Promoting Long-term Behavior Change to Reduce CVD Risk

This study has been completed.
Sponsor:
Collaborators:
Unrestricted research gift from Nutrilite Health Institute
Information provided by:
Stanford University
ClinicalTrials.gov Identifier:
NCT00227006
First received: September 13, 2005
Last updated: January 19, 2011
Last verified: January 2011
  Purpose

Once intervention class or staff contact is removed, obese adults participating in behavioral weight-loss programs often give up healthy eating habits and regain weight. We examined whether taste-based goal setting, which minimizes perceived deprivation by promoting taste and moderation, would sustain long-term reductions in saturated fat and body mass index (BMI).


Condition Intervention
Obesity
Behavioral: Behavioral lifestyle/weight-loss intervention

Study Type: Interventional
Study Design: Allocation: Randomized
Endpoint Classification: Efficacy Study
Intervention Model: Factorial Assignment
Masking: Single Blind (Outcomes Assessor)
Primary Purpose: Treatment
Official Title: Promoting Long-term Dietary Change to Reduce CVD Risk

Resource links provided by NLM:


Further study details as provided by Stanford University:

Primary Outcome Measures:
  • Percentage of saturated fat in diet [ Time Frame: 18 months ] [ Designated as safety issue: No ]

Secondary Outcome Measures:
  • Body weight [ Time Frame: 18 months ] [ Designated as safety issue: No ]

Enrollment: 163
Study Start Date: January 1999
Study Completion Date: April 2004
Primary Completion Date: April 2004 (Final data collection date for primary outcome measure)
Arms Assigned Interventions
Experimental: Taste-Based Goal Setting
6-month intervention (14 lifestyle counseling classes)
Behavioral: Behavioral lifestyle/weight-loss intervention
Active Comparator: Smart Consumers
6-month intervention (14 lifestyle counseling classes)
Behavioral: Behavioral lifestyle/weight-loss intervention
No Intervention: Community Access
Assessment-only control group
Behavioral: Behavioral lifestyle/weight-loss intervention

Detailed Description:

Once intervention class or staff contact is removed, obese adults participating in behavioral weight-loss programs often give up healthy eating habits and regain weight. We examined whether taste-based goal setting, which minimizes perceived deprivation by promoting taste and moderation, would sustain long-term reductions in saturated fat and body mass index (BMI). Participants were randomized to Taste-Based Choices (taste-based goal setting + a standard 6-month behavioral weight-loss intervention), Smart Consumers (a standard 6-month intervention alone) or Community Access (access to commercial/community-based behavioral weight-loss programs) and followed over 18 months. To test our hypotheses, we examined a set of orthogonal contrasts (TBC and SC vs. CA; TBC vs. SC) on reductions in saturated fat (Block FFQ) and clinic-measured BMI.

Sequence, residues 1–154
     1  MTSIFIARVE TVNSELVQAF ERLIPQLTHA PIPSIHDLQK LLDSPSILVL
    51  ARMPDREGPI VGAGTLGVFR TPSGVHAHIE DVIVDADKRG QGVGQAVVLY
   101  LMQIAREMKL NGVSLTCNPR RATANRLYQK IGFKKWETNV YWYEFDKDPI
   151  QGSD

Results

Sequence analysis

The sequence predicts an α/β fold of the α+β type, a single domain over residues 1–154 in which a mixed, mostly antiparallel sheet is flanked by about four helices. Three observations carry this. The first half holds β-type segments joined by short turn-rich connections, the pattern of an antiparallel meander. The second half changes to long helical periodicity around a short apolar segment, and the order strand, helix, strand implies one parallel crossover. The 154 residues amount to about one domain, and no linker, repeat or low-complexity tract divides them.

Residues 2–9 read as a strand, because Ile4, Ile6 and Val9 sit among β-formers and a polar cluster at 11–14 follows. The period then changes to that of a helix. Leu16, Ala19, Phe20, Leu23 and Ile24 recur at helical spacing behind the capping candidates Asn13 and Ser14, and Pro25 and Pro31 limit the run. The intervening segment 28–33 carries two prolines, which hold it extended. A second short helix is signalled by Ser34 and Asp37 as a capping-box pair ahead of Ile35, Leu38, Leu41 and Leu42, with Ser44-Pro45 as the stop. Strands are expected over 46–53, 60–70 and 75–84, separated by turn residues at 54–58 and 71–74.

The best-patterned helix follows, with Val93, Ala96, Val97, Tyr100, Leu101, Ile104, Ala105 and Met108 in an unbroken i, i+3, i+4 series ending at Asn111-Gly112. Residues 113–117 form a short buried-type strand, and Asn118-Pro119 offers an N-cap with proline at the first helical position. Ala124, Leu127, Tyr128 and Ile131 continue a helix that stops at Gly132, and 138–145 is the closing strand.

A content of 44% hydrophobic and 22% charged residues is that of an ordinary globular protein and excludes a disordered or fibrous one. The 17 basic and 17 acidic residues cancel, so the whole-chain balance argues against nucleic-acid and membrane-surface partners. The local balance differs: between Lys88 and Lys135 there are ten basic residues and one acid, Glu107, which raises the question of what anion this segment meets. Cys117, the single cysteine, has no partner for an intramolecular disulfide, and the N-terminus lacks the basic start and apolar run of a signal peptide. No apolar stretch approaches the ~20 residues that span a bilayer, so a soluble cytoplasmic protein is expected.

Eligibility

Ages Eligible for Study:   25 Years and older
Genders Eligible for Study:   Both
Accepts Healthy Volunteers:   Yes
Criteria

Inclusion Criteria:- Body mass index between 27-37

  • Physically inactive
  • Able to participate in physical activity
  • Percentage of daily calories from total fat 30% or more
  • Free of diagnosed heart disease
  • Stable on medications for 3 months or more Exclusion Criteria:- Diabetic
  • Dysphoric (Beck Depression Inventory score greater than 18)
  • Binge eating or bulimic (Eating Disorder Diagnostic Scale)
  Contacts and Locations
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Please refer to this study by its ClinicalTrials.gov identifier: NCT00227006

Locations
United States, California
Stanford University School of Medicine
Stanford, California, United States, 94305
Sponsors and Collaborators
Stanford University
Unrestricted research gift from Nutrilite Health Institute
Investigators
Principal Investigator: Michaela Kiernan Stanford University
  More Information

Publications:
Responsible Party: Michaela Kiernan, Stanford Prevention Research Center
ClinicalTrials.gov Identifier: NCT00227006     History of Changes
Other Study ID Numbers: R29-HL60154, R29HL060154
Study First Received: September 13, 2005
Last Updated: January 19, 2011
Health Authority: United States: Federal Government

ClinicalTrials.gov processed this record on September 30, 2014